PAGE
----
How To Spot A Fake 1951 Topps Connie Mack All-Stars Card

For only having (11) cards in the set, completing the 1951 Topps Connie Mack All-Stars set is not the easiest accomplishment.  Especially if you want a set in decent condition.  Given that these cards are die-cut, and meant to be punched-out, means many display a considerable amount of wear.  Players in the set include Grover C. Alexander, Connie Mack, Mickey Cochrane, Christy Mathewson, Eddie Collins, Babe Ruth, Jimmy Collins, Tris Speaker, Lou Gehrig, Honus Wagner, and Walter Johnson.

Please don’t confuse the 1951 Topps Connie Mack All-Stars set with the 1951 Topps Major League All-Stars Baseball set.  The 1951 Topps Major League All-Stars Baseball set utilizes the same design, has the same amount of cards, but consists of active players at the time.  The checklist is completely different.

Here are some tips for spotting a counterfeit 1951 Topps Connie Mack All-Stars card:

  • Not Die-Cut – Cards from the 1951 Topps Connie Mack All-Stars set are meant to be punched-out and stood-up with no background behind them.  Some counterfeits lack the entire die-cut feature altogether.  Being die-cut is what makes this set what it is.  Not being able to punch-out that player is a major red flag.
  • Cut Line Not Cut – Some counterfeit examples contain a cut line, but many aren’t actually cut like they should be.  It may appear that you can punch-out the player, but you can’t.
  • Card Stock – Compared to an authentic example, counterfeit cards tend to be printed on card stock which is too thick.  Poorly cut edges too.
  • Poor Image – Taking a closer look a counterfeit will exhibit computer print lines not found on a genuine example.  What should be solid in color is blurry, and contains lines.  Color tends to be off compared to an authentic card.

Authentic

Counterfeit

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Card of the Day: Connie Mack 1960 Fleer #14

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“Pin-Up” of the Week: American Sports Card Collectors Association Show 9/74 Pin

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Depending on where you live, card shows might be a weekly thing at your local flea market.  Then again some collectors haven’t seen one in years.  Its all regional.  Sports card shows started in the late 1960’s when people began to realize that their memorabilia carried some value.  Organizations like the American Sports Card Collectors Association (ASCCA) were formed to help put together shows.  It wasn’t uncommon for them to take place in a hotel and have a former athlete come to sign autographs.

Even in the early years of sports card shows, promos were around.  The American Sports Card Collectors Association would give out promotional pins to many early collectors that were attending a show.  Most of these pins would feature the likeness of Jackie Robinson, Willie Mays, Connie Mack, Lou Gehrig, and Christy Mathewson.  Sometimes they would feature a picture of the autograph signer.  There always seems to be a handful of these pins up for sale, but rarely do any of them sell.  If they do sell, its not for very much.  But they’re fun to look at and see the history behind some of the hobby’s earliest shows.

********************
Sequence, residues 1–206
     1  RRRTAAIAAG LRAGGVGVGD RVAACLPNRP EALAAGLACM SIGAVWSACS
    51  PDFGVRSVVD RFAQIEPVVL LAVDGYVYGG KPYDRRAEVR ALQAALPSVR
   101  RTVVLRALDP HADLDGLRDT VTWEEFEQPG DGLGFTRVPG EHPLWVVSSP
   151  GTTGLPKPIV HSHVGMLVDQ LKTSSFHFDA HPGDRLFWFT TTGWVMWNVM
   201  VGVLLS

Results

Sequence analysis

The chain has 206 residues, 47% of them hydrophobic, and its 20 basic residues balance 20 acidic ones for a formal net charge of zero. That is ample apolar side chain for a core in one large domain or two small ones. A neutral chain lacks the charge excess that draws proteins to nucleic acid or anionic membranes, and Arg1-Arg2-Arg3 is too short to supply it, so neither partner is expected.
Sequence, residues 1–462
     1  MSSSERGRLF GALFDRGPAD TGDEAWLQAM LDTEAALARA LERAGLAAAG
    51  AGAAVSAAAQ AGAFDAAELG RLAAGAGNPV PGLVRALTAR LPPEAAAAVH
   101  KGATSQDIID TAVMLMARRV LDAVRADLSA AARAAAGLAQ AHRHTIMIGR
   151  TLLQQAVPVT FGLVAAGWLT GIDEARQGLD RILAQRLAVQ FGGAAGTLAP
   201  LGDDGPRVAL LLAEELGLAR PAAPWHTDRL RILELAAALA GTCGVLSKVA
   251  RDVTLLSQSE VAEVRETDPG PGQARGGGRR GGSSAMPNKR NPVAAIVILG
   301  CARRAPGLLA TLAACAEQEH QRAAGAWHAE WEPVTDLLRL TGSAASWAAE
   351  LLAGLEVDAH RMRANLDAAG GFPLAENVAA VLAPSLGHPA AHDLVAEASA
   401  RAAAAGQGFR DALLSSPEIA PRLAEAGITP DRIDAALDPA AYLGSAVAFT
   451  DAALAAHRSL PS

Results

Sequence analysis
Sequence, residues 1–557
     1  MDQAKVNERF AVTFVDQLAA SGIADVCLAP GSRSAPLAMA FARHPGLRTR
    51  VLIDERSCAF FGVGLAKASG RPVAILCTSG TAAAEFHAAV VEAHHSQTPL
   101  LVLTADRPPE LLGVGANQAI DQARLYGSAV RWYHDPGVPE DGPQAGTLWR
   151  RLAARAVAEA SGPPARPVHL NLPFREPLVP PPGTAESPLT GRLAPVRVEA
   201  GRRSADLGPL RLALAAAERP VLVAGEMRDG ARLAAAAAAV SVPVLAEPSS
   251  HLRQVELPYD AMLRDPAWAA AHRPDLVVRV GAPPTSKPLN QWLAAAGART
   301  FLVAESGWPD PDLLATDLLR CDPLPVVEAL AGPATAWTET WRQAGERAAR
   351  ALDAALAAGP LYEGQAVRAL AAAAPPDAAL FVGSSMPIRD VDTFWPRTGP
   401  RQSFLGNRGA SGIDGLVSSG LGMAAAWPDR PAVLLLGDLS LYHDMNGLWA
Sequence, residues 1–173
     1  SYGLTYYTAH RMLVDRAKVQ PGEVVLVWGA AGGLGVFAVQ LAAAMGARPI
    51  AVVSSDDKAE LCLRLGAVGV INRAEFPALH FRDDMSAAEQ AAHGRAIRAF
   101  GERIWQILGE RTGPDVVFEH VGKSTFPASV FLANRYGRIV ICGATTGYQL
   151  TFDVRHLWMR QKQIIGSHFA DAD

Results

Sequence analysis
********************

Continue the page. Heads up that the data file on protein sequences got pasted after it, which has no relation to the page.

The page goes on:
Connie Mack’s 1st Sketch Card

Thanks to Monty Sheldon, Connie Mack has his very first sketch card.  Mack collectors usually need to have some pretty deep wallets.  His cut signatures are extremely expensive and he has no relics.  Recently he was included into one of my favorite products, ’10 TRISTAR OBAK.  This is truly one of Mack’s most unique cards to own.

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Card of the Day: Connie Mack 1940 Playball #132

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Connie Mack or Connie Mack?

The day hasn’t come yet when I can add a Connie Mack game-used or cut signature to my personal collection.  I’m really picky when it comes to cut signatures.  I need them to be signed in ink and centered perfectly.  I want nothing to do with signatures that are half cut off just so it fits the card.  Perhaps the market wouldn’t be flooded with cut signatures if the manufacturers waited for the perfect signatures to come along.

I have a bone to pick with a few cards that have been out for a couple of years.  These cards come from 2007 & 2008 Donruss Americana.  I’m specifically talking about the relics and autos of Connie Mack’s grandson, Connie Mack III.  Imagine being a collector opening a pack of Americana, flipping through the base cards, and when you reach your hit, you see the name “Connie Mack” written on the COA.  For a few seconds you might be jumping for joy, but when you turn the card over its of his grandson.  That has to be a huge let down for a collector.  Instead of pulling a hit of one of the greatest managers in baseball history, you get his grandson who in 2005 was appointed by President George W. Bush as the Chairman of the President’s Advisory Panel for Federal Tax Reform.  I know people like to collect historical figures, but to me this is like pulling a card of Babe Ruth’s brother who works at Kinko’s 🙂

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Card of the Day: Connie Mack 1961 Fleer #123

This is one of Mack’s most affordable cards.  In fact a lot of great players have cards in the 1961 Fleer set and they aren’t that expensive.  I really want a Connie Mack cut signature someday.

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